My students have been wrestling with the problem of interpretive ideology, especially in the construction of legitimating systems of constitutional interpretation. They have come to understand the power of text and intent as frameworks to apply text to the specific context in which its application appears required as these notions have been elaborated in the conventional writings of jurists and academics.
They understand the disciplining overlay of the two great oppositional principles on which the American political union is founded from the earliest jurisprudence of the Republic--a preference for dividing and sharing power within the state apparatus (the avoidance of tyranny) and an equal preference for enhancing a workable government (the promotion of efficiency). This was perhaps well put recently by "the Honorable David H. Souter ’61, LL.B. ’66, former associate justice of the U.S. Supreme Court, [who] spoke of the necessity in constitutional law to choose between 'values that may very well exist in tension with each other,” pointing out that decisions are never “straightforward exercise[s] of reading fairly and viewing facts objectively.' The Constitution, he declared, reflects 'the desire of the American people…to have things both ways. We want order and security, and we also want liberty…These pairs of desires…can clash.'" American Values and Constitutional Law, Harvard Magazine, May 28, 2010.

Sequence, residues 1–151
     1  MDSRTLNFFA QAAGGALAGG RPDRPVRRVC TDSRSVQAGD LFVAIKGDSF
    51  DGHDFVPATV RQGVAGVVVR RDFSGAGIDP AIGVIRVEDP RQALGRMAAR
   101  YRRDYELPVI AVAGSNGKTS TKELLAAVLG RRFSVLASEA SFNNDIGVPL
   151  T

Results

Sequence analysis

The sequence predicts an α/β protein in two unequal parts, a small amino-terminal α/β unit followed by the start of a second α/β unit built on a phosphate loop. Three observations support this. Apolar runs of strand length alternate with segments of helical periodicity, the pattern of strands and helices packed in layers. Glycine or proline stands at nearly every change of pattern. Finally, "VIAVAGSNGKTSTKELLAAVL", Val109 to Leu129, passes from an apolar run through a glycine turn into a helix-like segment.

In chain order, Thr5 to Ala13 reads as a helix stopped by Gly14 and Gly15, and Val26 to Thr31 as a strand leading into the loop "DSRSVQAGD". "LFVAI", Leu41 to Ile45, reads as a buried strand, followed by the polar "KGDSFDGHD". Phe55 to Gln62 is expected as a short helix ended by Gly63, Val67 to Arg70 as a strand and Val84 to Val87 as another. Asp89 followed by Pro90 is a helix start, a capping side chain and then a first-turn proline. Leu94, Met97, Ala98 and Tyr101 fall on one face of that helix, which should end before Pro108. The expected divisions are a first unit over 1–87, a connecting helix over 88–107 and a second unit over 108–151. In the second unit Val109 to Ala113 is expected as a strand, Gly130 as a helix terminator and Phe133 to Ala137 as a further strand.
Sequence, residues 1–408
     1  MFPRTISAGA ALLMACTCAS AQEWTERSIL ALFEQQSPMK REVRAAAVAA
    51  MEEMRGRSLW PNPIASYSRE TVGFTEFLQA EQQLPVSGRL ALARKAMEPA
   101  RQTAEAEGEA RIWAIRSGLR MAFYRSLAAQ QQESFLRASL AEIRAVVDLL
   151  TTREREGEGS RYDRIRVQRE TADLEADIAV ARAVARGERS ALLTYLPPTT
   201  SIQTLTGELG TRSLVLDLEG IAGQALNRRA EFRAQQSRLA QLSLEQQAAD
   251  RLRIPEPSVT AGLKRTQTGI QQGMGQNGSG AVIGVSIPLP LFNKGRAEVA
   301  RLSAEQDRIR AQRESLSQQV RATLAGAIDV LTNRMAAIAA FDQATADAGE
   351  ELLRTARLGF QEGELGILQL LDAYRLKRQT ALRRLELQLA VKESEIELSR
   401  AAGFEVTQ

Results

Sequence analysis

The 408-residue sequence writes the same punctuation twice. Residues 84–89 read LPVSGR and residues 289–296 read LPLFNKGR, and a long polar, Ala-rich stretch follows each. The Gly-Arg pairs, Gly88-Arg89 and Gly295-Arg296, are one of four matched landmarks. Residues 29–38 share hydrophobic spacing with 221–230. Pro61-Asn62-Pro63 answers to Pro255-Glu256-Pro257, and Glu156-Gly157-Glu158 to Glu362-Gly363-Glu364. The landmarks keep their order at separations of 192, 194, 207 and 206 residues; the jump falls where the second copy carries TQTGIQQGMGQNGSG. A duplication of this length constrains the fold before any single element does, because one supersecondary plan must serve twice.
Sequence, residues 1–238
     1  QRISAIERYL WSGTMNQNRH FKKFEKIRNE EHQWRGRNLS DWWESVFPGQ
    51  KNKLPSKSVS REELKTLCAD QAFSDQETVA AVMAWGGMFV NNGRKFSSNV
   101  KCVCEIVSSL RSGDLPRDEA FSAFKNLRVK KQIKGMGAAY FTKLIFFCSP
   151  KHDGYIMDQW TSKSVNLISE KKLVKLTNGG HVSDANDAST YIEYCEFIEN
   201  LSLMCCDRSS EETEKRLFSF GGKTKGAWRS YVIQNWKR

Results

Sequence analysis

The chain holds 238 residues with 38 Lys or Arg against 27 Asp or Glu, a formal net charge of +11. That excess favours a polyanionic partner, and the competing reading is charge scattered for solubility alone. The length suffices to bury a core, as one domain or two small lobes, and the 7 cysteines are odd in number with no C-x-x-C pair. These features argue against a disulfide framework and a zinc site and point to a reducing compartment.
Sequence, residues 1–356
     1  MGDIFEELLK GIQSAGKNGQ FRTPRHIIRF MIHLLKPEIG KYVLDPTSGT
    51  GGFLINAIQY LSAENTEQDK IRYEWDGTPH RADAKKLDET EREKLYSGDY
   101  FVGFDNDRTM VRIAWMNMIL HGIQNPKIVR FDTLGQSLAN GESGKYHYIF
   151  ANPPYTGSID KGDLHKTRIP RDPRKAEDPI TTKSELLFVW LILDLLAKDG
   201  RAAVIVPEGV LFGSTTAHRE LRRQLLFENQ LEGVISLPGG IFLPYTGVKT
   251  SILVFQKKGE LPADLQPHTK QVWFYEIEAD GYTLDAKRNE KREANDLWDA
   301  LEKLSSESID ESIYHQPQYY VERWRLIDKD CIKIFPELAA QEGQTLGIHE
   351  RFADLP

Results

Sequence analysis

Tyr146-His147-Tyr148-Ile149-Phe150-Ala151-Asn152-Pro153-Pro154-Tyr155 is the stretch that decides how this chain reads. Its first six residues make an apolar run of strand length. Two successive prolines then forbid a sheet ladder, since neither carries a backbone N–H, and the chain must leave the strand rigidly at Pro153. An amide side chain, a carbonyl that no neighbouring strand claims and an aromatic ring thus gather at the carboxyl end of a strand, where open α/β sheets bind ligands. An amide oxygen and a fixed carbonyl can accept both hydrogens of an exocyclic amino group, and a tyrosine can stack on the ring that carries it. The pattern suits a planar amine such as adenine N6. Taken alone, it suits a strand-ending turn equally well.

Likewise systems grounded in effects, in the results, may well devote considerable energies toward developing those expressions of discovering and balancing popular desire; yet at its limit this systemic approach is driven to sacrifice the very system for ordering power to achieve perceived objectives ineffectively expressed through that system. "[I]f one accepts the principle that the object of judicial interpretation is to determine the intent of the legislature, being bound by genuine but unexpressed legislative intent rather than the law is only the theoretical threat. The practical threat is that, under the guise or even the self-delusion of pursuing unexpressed legislative intents, common-law judges will in fact pursue their own objectives and desires." Antonin Scalia, A Matter of Interpretation: Federal Courts and the Law, Princeton: Princeton University Press, 1997, at 17-18.